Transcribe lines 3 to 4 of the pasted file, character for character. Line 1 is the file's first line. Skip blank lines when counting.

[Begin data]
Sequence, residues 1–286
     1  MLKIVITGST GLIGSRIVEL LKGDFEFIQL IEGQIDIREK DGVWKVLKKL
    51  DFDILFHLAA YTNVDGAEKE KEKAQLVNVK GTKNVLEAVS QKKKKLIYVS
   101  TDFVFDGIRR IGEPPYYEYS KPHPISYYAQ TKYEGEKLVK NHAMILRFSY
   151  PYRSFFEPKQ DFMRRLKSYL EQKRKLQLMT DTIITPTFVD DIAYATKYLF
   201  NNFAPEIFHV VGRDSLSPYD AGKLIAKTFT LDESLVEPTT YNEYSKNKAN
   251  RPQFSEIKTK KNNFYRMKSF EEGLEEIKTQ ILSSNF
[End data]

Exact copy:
    51  DFDILFHLAA YTNVDGAEKE KEKAQLVNVK GTKNVLEAVS QKKKKLIYVS
   101  TDFVFDGIRR IGEPPYYEYS KPHPISYYAQ TKYEGEKLVK NHAMILRFSY